There were a few inches of powdery snow on the ground already, and according to the weather report, another foot was going to fall from the sky. It was our first storm of the winter. Chuck and I braced ourselves against an icy gust as we stepped out of the radio station, then made our way across the parking lot, past a few other buildings, and down to where the parabolic transmitter dish sat, surrounded by a tall chain-link fence. Chuck pointed to a ragged, snow-covered broom, calling it our “dusting instrument.” He showed me the protocol for preventing snow from deadening our radio station’s signal: pick up the broom, whack it against the dish, which had already accumulated an inch or two since he’d made his last trip outside an hour ago, and watch the snow slip down the dish’s gentle curves to land with a muffled whumpf
on the ground.
Chuck was the chief engineer at the public radio station where I worked that winter. My job was administrative, but my heart was in the engineering department — not because I actually understood what happened there, but rather, because I didn’t. All of that complicated-looking equipment seemed so unbearably, beautifully mysterious to me. I wanted to know, and at the same time, I wanted not to know; I wanted to imagine.
How do such strange stories make their way into the world, written by the hands of authors who have perhaps never experienced the things they write about?
We replaced the broom and locked the chain-link fence behind us. The snow thickened as we walked back to the radio station, and Chuck told me about how sometimes, during a blizzard, he would spend the night in the station, dozing in his swivel chair until the alarm went off and it was time for him to dust off the dish again.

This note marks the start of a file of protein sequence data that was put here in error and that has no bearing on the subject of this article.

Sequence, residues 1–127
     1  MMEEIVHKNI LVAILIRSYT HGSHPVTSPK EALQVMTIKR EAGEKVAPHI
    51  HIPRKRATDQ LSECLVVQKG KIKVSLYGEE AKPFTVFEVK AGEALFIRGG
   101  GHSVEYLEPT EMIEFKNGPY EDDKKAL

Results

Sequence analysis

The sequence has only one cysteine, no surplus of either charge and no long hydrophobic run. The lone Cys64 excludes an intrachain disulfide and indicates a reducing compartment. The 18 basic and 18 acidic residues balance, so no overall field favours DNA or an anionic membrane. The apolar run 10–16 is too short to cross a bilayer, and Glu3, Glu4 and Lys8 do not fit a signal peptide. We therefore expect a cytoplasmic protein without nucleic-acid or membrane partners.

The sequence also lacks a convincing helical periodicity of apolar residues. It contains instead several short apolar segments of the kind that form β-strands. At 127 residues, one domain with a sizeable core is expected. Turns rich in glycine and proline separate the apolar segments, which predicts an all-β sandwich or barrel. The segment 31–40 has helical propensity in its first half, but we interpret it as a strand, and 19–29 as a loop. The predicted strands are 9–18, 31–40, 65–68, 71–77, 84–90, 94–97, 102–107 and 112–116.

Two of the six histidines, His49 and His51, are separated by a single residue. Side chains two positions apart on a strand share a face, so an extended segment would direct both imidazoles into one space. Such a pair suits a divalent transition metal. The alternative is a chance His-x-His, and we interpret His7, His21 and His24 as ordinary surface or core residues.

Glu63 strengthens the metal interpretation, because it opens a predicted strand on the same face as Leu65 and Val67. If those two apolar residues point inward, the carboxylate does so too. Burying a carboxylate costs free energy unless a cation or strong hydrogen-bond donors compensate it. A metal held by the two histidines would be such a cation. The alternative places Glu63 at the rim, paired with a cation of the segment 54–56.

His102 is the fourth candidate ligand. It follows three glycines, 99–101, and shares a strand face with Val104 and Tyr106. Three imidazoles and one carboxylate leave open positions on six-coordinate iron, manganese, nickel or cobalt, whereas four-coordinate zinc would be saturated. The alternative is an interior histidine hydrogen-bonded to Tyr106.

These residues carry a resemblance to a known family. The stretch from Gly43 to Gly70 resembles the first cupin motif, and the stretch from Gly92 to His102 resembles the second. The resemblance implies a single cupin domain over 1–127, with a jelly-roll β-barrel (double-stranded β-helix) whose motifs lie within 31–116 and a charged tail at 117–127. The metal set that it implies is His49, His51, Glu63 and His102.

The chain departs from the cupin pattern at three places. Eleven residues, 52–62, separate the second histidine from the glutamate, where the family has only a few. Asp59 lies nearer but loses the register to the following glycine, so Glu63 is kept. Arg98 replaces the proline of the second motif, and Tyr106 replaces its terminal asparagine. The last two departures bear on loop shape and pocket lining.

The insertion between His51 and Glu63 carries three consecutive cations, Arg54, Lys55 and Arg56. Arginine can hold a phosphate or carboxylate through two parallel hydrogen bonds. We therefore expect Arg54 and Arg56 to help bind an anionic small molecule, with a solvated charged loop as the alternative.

Leaving my warm, well-lit office to venture out into the snowstorm and receive this tutorial, imagining how all of this might feel alone, in the dead of night — it planted a seed in my mind. The mysterious tether of radio, the isolation, and the otherworldly quiet of a dim, snowy landscape struck me as threads that belonged together. Over the next year or two, I began to weave them into a novel.
The genesis of a piece of fiction is an enigmatic thing. How do such strange stories make their way into the world, written by the hands of authors who have perhaps never experienced the things they write about? I have never lived in the Arctic, am not an astronomer, and have certainly never been to space, yet somehow these are the prongs of my novel. How did that happen?
I don’t have an answer, only a resounding appreciation for the mystery of it. There are elements of my own experience and observations in everything that I write, and there are also elements of something else. I’m curious about where that “something else” comes from, but there is also a part of me that wants to let that mystery rest. Because as much as I yearn to know, there is a magic in the not-knowing. Sometimes I suspect that it’s curiosity itself that is the fuel for my creativity — the yearning to know paired with the reality of being in the dark.
÷ ÷ ÷
is the author of the Oregon Book Award finalist memoir Motorcycles I’ve Loved
. She was born and raised in southern Vermont, and she currently lives wherever her truck is parked. Good Morning, Midnight
is her first novel.